365 such days


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Today, the Italian press that has always worn a muzzle, decided to also don a gag. It did so to protest against the gagging law. It’s a bit like a rapist taking to the streets to protest against a rape, or a serial killer protesting against a multiple murderer, or a robber protesting about a bank heist. It is a beautiful July day. The atmosphere is decidedly less oppressive, without all of the usual paper scrawled with nonsense lying around in the streets, don’t you agree? I am so pleased about this strike that I would like to see it being repeated 365 days a year. The newspapers are funded via our taxes, without which they would have to shut down. Given today’s strike, I think it’s only right that their annual funding be reduced by one 365th. What use are the newspapers anyway? All they do, in any event, is seek to influence public opinion on behalf of their owners and send mafia-style messages as required. The newspapers should not be confused with true information. Newspapers and true information are totally incompatible. Where the former exists, the latter is nowhere to be found. In the past few years, the only true information has been spread by the bloggers, the Web and the counter-information sites, certainly not by Scalfari’s “La Repubblica” or De Bortoli’s “Corriere della Sera”, or for that matter even the PDwithouanel’s “L'Unità”. Newspapers have been rendered obsolete by the Web, just as the telegraph rendered the Pony Express obsolete so many years ago. In order to be able to publish an article, the newspapers have to somehow juggle the interests of their shareholders, which are essentially the reflected wishes of the lobby groups, and the demands of the Board of Directors, Management, the editorial committee and the Chief Editor, and then they can go ahead and type a load of nothing (at best) or perhaps a promotional piece. Where then is freedom of expression? Has anyone at the “L'Espresso” ever conducted an investigation into the Olivetti’s demise at the hands of Carlo De Benedetti? Or, for that matter, did the “Corriere della Serva” ever publish an editorial against Tronchetti Provera WHILE he was Chairman of Telecom Italia? The newspapers are busy dying like flies in winter. They only manage to survive thanks to the warmth provided by public funding (*). “Libero”, “Il Foglio” and “Il Riformista” would disappear overnight were it not for our tax Euros. The worst political attack against Berlusconi was the ten questions regarding his sex life. At the initial hearings in the Mills, Bassolino and Dell’Utri trials, there was only a blogger reporting on the proceedings, namely, Daniele Martinelli, while the newspapers maintained an obsequious silence. The citizens are the only ones spreading any information at all. The journalists register must be abolished. All of us are journalists. It is nothing more than a register established by Mussolini in order to control the regime press and is no longer necessary in this day and age because every career journalist has a (inherent) strong self-control mechanism of his own. My dearest useless rag reporters, where were you guys when this blog broke the news of the Aldrovandi, Rasman, Bianzino and Gatti murders years before you timidly and cautiously began to write about this affair? Were you perhaps ensconced under the editor’s desk doing a Lewinsky on him instead of backing the call for a referendum for the abolishment of the Gasparri Law at the second Vday event? Today’s strike reminds me of a bunch of lemmings committing mass suicide, so let’s all hold thumbs and hope that this gesture is very successful.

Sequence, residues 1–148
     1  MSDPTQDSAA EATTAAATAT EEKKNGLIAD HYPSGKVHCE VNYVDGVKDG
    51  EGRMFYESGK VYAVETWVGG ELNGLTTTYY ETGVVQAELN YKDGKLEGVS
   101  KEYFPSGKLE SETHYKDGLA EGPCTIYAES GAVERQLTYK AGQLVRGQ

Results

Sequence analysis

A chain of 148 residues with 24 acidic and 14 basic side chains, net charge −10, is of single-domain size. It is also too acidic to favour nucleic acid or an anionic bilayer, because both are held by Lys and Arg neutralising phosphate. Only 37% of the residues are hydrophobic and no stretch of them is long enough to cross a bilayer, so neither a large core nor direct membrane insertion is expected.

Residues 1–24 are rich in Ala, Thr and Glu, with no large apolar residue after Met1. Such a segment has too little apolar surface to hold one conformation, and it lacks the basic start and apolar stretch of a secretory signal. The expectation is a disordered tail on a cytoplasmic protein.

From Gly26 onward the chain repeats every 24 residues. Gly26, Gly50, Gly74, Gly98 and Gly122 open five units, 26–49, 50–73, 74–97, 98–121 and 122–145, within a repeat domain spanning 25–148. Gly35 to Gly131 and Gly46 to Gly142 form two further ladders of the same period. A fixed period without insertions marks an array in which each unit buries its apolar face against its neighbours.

(*) Except for "Il Fatto Quotidiano", which has refused to accept any public funding

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